Tell Your Story: How to finally Write That Novel

Tell Your Story: How to finally Write That Novel

January 06, 2022
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For some, retirement is a time to indulge their wanderlust. For others, it’s about giving back to their community. And for a certain set of brave souls, retirement can be a time to finally put the sum of their life stories, dreams, and creative inclinations to paper.

The Power of Community

If you’ve always dreamed of writing a novel or memoir, it’s never too early or too late to get started. Maybe you want to record your story for your children and grandchildren. Or, maybe a fiction story has been percolating in your head for years. Regardless of what type of book you’d like to create, writing can be a rewarding activity during a season of life when the intense time commitments of work and childrearing are behind you. One of the best ways to hone your craft and stay motivated is to find a local or online writing group. A solid community gives you support and guidance to get started and the push to keep going if your story feels like it’s stagnating. Connecting with other writers is a great way to help you improve, stay accountable, and maintain the gumption to keep writing.

50,000 Words in 30 Days

You might have heard of the organization NaNoWriMo. NaNoWriMo stands for National Novel Writing Month, a time when amateur writers of all skill levels commit to writing a book in 30 days. This annual writing challenge began in 1999 with a simple premise: Could you write a novel—or 50,000 words—in 30 days? Since then, the organization has expanded into a creative movement with hundreds of thousands of writers participating in challenges throughout the year.1

If the idea of writing your book in a month sounds daunting, remember that anything over 50,000 words is considered a novel. When you break it down into a daily word count, 50,000 words becomes about 1,667 words a day, or roughly 4–5 typed pages. The secret is committing to spend a couple of hours a day to focus and get words onto the page (you will come back later to refine your draft).1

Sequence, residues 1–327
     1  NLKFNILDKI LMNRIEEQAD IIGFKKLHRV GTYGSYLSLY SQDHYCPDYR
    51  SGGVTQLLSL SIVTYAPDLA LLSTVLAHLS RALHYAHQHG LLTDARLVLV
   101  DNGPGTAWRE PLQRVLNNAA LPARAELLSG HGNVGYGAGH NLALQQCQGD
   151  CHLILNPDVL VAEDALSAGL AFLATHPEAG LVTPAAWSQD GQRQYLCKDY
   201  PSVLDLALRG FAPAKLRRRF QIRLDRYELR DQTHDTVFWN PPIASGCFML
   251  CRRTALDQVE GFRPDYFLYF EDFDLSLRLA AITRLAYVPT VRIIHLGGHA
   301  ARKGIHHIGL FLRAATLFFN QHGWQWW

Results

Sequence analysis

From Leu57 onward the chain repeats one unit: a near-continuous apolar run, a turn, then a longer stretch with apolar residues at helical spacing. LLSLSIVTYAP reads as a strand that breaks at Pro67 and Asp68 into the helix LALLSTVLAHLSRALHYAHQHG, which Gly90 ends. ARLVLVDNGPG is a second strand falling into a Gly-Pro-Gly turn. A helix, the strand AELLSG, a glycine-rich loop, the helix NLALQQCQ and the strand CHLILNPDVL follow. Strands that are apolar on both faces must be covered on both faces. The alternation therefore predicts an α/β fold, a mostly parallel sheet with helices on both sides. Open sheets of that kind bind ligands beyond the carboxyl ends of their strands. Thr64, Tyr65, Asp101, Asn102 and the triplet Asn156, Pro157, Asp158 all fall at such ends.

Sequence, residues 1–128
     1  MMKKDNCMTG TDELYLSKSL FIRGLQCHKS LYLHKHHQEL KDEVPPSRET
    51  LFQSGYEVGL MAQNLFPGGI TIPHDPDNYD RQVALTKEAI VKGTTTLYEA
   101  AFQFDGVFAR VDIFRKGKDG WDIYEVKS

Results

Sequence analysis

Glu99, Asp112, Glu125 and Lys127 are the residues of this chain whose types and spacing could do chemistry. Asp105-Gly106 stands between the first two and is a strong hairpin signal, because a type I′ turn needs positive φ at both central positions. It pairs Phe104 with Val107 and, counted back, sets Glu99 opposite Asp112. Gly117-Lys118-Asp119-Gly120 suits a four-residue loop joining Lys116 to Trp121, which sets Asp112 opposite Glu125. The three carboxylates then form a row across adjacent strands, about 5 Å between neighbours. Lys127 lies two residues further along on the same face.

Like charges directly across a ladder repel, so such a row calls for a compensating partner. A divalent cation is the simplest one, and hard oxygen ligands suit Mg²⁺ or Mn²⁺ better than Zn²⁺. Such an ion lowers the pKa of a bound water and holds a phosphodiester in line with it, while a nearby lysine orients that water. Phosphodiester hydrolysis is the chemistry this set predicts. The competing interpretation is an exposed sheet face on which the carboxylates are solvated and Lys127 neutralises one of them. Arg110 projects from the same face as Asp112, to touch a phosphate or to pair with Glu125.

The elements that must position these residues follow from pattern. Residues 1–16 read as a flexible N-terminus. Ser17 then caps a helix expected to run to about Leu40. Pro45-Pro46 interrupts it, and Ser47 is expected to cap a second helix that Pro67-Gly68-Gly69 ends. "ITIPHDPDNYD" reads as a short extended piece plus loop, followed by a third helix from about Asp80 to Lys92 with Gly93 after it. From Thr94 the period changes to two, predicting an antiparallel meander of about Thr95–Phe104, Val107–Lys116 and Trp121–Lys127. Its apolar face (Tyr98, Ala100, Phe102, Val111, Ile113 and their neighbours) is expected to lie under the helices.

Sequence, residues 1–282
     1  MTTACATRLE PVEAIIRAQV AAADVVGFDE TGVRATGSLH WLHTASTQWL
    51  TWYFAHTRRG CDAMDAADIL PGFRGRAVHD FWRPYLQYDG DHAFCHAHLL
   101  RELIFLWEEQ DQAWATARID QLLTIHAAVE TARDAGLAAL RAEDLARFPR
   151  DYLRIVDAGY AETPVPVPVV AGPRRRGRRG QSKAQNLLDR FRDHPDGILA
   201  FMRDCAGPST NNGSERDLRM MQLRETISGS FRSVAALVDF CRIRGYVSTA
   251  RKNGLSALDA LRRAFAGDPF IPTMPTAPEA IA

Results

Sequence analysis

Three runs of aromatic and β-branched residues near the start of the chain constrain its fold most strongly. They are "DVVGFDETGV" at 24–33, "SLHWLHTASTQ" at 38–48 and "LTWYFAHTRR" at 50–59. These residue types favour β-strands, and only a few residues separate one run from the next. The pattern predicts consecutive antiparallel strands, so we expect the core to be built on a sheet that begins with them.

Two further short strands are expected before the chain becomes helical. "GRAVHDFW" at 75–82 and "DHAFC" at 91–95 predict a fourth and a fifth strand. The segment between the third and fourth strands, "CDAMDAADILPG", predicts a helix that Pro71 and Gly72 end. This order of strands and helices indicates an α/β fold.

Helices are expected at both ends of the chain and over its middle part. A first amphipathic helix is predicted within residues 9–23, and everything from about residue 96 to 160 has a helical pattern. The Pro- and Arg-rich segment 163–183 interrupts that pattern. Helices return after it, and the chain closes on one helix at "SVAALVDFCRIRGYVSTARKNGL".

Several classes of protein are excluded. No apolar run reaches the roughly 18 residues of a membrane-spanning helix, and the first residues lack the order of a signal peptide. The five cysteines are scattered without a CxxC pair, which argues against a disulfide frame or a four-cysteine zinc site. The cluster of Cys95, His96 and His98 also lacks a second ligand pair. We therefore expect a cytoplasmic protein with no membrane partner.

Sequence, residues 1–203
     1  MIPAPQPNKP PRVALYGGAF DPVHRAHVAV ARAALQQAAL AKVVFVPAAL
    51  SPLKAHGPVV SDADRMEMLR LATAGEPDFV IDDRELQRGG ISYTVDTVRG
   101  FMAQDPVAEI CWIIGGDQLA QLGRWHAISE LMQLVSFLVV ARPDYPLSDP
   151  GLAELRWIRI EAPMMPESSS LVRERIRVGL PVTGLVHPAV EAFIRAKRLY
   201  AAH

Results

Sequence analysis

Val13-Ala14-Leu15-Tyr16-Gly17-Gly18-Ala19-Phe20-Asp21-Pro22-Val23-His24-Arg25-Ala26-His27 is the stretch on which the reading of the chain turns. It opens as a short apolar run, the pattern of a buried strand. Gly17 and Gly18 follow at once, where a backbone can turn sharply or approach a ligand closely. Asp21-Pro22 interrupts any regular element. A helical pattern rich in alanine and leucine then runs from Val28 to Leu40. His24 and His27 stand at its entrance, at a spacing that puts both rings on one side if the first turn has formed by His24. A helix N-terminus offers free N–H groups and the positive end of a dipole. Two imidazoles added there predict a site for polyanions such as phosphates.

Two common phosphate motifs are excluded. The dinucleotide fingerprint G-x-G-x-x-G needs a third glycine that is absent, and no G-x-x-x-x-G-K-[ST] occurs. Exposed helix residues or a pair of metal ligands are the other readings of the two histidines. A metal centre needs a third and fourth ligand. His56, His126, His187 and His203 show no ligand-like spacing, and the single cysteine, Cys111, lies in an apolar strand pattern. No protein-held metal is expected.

If you like the idea of joining a digital community, you can learn more by searching for National Novel Writing Month. There, you can track your progress with their word count tracker, write notes about your novel, and connect with other writers for encouragement.1

Regardless of whether you’re writing for others or just for yourself, dedicating intentional time to your literary ambitions can be deeply rewarding. Good luck and happy writing!

Late-in-Life Writers

Just because you didn’t spend your teens and twenties writing like F. Scott Fitzgerald doesn’t mean that your writing dreams can’t come true. Plenty of successful writers didn’t get started writing until later in life. For example:

  • Bram Stoker: The writer of the classic novel Dracula didn’t publish until he was 50, while he was helping run the Lyceum Theatre in London. He wrote novels and reviews on the side after leaving civil service.2
  • Laura Ingalls Wilder: The author of the beloved Little House on the Prairie series didn’t start writing until her mid-sixties at the encouragement of her daughter.3
  • Millard Kaufman: His first novel, Bowl of Cherries, was published when he turned 90, proving it’s never too late to pursue your dreams.4
  • Babette Hughes: She wrote her first novel in her late 80s and branched out from writing her memoirs to complicated spy thrillers at 98 years of age.5

1. NaNoWriMo.org, 2021
2. IrishPost.com, May 26, 2021
3. BusinessInsider.com, April 22, 2020
4. GroveAtlantic.com, 2021
5. MarketWatch.com, June 5, 2020

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